Case Study: Lipid Nanoparticles and mRNA Vaccine Delivery
Existing at the crossroads of immunology and molecular biology, the mRNA vaccine against SARS-CoV-2, the virus that causes COVID-19, is the ultimate example of how decades of basic biomedical research can culminate as a global response to an infectious disease. It might be obvious that the “mRNA” part of the “mRNA vaccine” is what is technically responsible for building our immunity, but likely less appreciated is how the mRNA is able to get into our cells in the first place. The US-based pharmaceutical companies, Moderna and Pfizer-BioNTech, both created a vaccine that delivers specific mRNA molecules into our cells using lipid biochemistry, specifically focusing on emulsions. Representing a medical application of emulsion science, Lipid Nanoparticles (LNPs) are designed as a highly specialized transport system for protecting mRNA molecules. These tiny and highly specialized lipid spheres get vaccine-specific mRNA into our cells so they do their immunological thing.
mRNA-LNPs have been called a “true platform technology.” Once scientists understood the rules of how cellular molecules such as lipids, proteins, and nucleotides can interact, the creation of LNPs for mRNA vaccine delivery became streamlined, translating into a relatively quick turnaround for specific mRNA vaccines. LNPs contain 4 major lipid molecules, each serving important purposes (Table 1):
Table 1: LNP lipid components and their function
|Helper Phospholipid||Structural elements of LNPs that dictate LNP membrane architecture and biocompatibility, including characteristics like size, curvature, fluidity, and charge. PEG Lipids specifically help prevent particle aggregation during storage|
|Polyethylene Glycol (PEG) Lipid|
|Ionizable Cationic Lipid||A lipid that is neutral as it travels through our bloodstream, but can switch to a positive charge when specific conditions are met|
To make the COVID-19 mRNA vaccine, the above lipid components are rigorously combined in specific ratios and at a specific rate with modified mRNA strands that map to the spike (S) protein of the SARS-CoV-2 virus. This process ultimately creates densely packed LNPs, with mRNA molecules safely encapsulated in lipids. While the precise architecture of mRNA-LNPs remains unknown (for now), the general principle is represented in Figure 1. Essentially, Ionizable Cationic Lipids surround the negatively charged mRNA molecules. These lipid-mRNA complexes are further encapsulated by a mixed-lipid coat (PEG-Lipid, Ionizable Cationic Lipid, Helper Lipid, and Cholesterol). This particle is taken up by cells, and the mRNA is released into the cytosol where it begins the process of immunological programming.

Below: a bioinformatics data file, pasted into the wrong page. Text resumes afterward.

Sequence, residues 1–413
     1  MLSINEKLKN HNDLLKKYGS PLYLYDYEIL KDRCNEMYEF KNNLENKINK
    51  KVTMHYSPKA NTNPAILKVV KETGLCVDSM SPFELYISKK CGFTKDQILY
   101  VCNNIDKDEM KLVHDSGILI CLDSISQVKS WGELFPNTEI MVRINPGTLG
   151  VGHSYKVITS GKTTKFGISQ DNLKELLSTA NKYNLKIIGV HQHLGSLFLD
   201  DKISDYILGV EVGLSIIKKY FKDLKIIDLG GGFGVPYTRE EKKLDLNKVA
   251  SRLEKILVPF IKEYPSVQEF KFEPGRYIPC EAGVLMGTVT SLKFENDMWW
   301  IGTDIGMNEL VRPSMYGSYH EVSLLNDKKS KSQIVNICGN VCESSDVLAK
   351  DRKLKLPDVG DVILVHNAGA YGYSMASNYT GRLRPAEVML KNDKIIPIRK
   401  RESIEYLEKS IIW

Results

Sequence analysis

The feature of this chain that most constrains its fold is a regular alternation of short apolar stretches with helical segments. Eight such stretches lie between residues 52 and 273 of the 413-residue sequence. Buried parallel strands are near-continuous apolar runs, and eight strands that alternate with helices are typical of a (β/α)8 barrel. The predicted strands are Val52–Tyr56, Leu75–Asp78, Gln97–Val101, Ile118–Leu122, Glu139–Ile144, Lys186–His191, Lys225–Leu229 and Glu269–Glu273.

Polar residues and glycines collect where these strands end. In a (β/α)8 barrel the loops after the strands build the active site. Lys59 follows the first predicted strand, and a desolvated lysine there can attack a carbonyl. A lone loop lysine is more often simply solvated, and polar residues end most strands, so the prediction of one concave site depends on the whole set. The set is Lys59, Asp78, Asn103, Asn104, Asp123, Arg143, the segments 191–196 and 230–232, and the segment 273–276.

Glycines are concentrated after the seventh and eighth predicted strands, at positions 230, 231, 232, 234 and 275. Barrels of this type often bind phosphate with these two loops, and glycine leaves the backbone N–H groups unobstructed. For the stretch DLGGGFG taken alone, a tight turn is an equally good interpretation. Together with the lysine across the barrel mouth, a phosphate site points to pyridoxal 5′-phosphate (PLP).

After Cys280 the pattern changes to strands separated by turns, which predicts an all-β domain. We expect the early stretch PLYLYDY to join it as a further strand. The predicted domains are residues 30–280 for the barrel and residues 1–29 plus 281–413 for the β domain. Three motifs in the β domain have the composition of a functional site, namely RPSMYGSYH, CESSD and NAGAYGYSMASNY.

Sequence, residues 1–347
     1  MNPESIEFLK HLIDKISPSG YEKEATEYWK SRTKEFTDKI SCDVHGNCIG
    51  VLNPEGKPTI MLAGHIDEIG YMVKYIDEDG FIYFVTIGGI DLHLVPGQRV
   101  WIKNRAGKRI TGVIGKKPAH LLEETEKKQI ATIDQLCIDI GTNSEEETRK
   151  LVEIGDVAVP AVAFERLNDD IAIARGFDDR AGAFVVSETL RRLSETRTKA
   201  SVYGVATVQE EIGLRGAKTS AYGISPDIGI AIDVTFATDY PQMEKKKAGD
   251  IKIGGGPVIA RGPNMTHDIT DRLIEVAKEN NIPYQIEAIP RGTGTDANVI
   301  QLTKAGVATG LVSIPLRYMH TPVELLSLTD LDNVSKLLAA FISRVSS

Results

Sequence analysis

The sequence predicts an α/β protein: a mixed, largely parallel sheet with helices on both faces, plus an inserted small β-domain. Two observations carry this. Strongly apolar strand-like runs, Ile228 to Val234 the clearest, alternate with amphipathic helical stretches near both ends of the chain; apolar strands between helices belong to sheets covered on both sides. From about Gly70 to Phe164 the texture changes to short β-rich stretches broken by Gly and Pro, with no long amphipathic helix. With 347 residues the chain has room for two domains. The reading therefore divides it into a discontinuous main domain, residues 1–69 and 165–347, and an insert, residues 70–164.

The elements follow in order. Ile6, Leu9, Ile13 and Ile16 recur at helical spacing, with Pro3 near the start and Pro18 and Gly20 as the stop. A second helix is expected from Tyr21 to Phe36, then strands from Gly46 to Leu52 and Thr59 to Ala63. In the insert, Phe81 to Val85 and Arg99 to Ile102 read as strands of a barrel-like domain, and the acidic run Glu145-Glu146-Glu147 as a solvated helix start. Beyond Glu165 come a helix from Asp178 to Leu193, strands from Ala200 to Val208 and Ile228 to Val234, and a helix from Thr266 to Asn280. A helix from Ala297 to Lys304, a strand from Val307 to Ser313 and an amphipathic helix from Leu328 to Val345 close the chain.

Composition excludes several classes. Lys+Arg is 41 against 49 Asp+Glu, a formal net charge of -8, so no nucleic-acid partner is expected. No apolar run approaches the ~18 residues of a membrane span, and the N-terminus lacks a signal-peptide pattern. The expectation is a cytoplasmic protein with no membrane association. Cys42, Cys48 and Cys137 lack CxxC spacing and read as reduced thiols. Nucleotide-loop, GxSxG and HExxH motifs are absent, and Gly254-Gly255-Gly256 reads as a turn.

Recall when you got your COVID-19 vaccine or flu shot — the needle went right into your upper arm. This is called Intramuscular (IM) administration, and most vaccines are delivered into our bodies via this route. The IM injection itself causes localized inflammation and the recruitment of immune cells to the injection site. The mRNA-LNPs fuse with the cell membranes of these immune system cellular recruits, ultimately dumping the mRNA into the cytosol, where it can be translated into the S protein. The S proteins are then presented on the surface of these cells as an “antigen,” setting off the process to build up immunity against COVID-19.
Reflect & Relate
1. Recently, RNA scientist Matt Winkler was asked to reflect on the creation of the COVID-19 mRNA vaccine in the context of his early experiences (circa 1980s) starting up an RNA biotechnology company. His response was: “If you had asked me back [then] if you could inject RNA into somebody for a vaccine, I would have laughed in your face.” [quote from https://www.nature.com/articles/d41586-021-02483-w] What do you think Matt Winkler is talking about? What are the characteristics of mRNA that would make someone like Matt skeptical about how it can be used for vaccines?
2. What intermolecular forces are at play in mRNA-LNPs? Recall that mRNA is a negatively charged molecule and are water-soluble.
3. The lynchpin discovery that allowed for the safe and efficacious application of mRNA-LNPs to fight COVID-19 was the design and synthesis of an ionizable cationic lipid. Unpack what this might mean in terms of human physiology (i.e. why is this molecular design important for the human bodily system)?
4. A major barrier to the Moderna and Pfizer-BioNTech vaccines is the required cold chain. Both vaccines must be kept at below freezing temperatures in order to retain its activity. Why is it necessary to keep these vaccines so cold?